19th-Century Advertising on Exhibit

Inspired by the upcoming Before Madison Avenue conference, an exhibition highlighting our varied and wide-ranging 19th-century advertising collections will open in our small gallery on February 21. Coordinated with the topics of conference panelists, the exhibition will complement the presenters’ discussions of the iconography of persuasion, advertising stereotypes, the marketing of education, and changing ideals of domesticity. Materials on display will include several broadsides for educational opportunities, at schools such as the Townsend Academy in Massachusetts and the Moravian Seminary for Young Ladies in Bethlehem, Pennsylvania, as well as promotions for individuals, such as penmanship instructor J. M. Schermerhorn and Italian- and Spanish-language instructor Salvader Pinistri. Other printed works will give the viewer a sense of advertising on the city streets, through street signage and less-conventional displays like the pervasive cigar-store Indian.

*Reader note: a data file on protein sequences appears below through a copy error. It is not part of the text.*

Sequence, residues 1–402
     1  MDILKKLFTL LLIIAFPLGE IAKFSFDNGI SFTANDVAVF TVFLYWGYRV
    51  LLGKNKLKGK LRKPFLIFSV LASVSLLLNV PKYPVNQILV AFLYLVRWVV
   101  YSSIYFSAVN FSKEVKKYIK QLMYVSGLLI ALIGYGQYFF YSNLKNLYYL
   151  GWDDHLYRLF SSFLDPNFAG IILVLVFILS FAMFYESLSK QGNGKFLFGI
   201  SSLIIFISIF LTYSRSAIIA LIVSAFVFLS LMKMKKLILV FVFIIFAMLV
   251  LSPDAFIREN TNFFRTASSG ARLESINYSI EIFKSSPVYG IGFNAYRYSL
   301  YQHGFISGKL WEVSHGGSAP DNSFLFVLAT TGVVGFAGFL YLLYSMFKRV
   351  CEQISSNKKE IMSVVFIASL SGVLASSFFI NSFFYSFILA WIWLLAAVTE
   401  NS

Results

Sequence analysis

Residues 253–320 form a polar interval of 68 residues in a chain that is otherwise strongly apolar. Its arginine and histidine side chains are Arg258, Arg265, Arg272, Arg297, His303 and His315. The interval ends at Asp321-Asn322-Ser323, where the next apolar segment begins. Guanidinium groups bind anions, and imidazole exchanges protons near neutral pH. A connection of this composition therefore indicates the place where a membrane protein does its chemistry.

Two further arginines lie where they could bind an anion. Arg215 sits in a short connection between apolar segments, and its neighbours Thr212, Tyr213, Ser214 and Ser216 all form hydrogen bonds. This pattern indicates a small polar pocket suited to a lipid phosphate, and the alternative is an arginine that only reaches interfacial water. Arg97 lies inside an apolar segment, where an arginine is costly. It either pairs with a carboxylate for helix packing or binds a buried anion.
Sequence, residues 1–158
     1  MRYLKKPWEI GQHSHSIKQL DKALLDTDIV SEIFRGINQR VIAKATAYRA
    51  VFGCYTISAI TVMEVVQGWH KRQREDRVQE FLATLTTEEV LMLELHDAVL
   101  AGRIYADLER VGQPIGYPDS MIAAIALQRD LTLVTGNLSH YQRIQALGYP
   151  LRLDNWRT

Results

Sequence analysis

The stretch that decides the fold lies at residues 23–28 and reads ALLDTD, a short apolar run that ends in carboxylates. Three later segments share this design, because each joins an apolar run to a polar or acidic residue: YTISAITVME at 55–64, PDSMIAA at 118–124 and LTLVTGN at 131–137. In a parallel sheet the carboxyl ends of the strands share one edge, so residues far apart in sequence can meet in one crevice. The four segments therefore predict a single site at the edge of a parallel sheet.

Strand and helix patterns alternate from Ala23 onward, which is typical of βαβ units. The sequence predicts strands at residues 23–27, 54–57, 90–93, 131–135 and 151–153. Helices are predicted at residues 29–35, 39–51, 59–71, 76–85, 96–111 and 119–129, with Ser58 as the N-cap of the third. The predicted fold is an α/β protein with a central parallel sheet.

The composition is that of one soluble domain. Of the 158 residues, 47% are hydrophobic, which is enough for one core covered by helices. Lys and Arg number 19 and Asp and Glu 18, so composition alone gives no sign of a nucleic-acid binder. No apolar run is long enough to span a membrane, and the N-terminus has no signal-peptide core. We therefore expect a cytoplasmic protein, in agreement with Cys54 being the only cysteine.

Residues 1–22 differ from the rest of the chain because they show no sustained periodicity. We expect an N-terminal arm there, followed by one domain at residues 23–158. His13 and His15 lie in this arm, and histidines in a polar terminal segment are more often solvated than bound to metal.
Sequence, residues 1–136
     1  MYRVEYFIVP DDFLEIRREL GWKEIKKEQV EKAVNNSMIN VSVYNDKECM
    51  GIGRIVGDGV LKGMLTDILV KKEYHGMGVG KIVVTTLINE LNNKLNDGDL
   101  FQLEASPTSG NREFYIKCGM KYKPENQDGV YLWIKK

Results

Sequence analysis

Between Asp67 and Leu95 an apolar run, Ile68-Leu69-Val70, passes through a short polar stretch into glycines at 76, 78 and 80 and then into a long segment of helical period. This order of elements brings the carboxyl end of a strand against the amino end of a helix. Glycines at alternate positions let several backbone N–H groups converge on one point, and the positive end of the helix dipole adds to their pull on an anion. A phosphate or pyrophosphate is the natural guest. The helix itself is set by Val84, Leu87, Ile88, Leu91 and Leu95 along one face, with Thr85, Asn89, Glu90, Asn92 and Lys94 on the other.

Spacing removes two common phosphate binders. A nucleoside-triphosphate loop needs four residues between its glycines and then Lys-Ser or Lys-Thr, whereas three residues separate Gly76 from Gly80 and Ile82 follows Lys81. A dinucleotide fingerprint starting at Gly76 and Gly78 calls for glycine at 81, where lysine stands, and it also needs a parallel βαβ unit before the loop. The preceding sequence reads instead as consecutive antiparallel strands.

William Charles. A Boxing Match, or, Another Bloody Nose for John Bull. Philadelphia, 1813. Hand-colored etching.

Leaving behind the busy city streets rife with signage for the tranquility of the suburbs was the dream of many 19th-century Americans, and the development of rail travel made this more feasible. Railways advertised suburban oases on their routes, while auctioneers played up the great value of a home in the country in notices for estate sales. Promotions of these types will be on display, along with ads that showcase the great American domestic mechanical advancement of the mid-19th century: the sewing-machine. So impressive was the development of the sewing machine that the first Japan`ese embassy to the United States in 1860 was given a tour of the Geo. B. Sloat & Co. sewing machine factories in Philadelphia. Cards from this momentous occasion will be featured in the exhibition, as well as advertisements for sewing machines epitomizing their obvious importance to the American market.

Promotional propaganda of another kind will be shown in the work of Philadelphia caricaturist, publisher, and engraver William Charles (1776-1820). Charles, a prolific producer of children’s books, was also well known for his political caricatures, particularly those satirizing the War of 1812. A highly capable self-promoter and astute business man, Charles marketed his 1812 prints in newspapers along the east coast and through subscriptions, to great success. A small selection of his caricatures and an example of his savvy advertising will be on display. The mini-exhibition will be on view through April.
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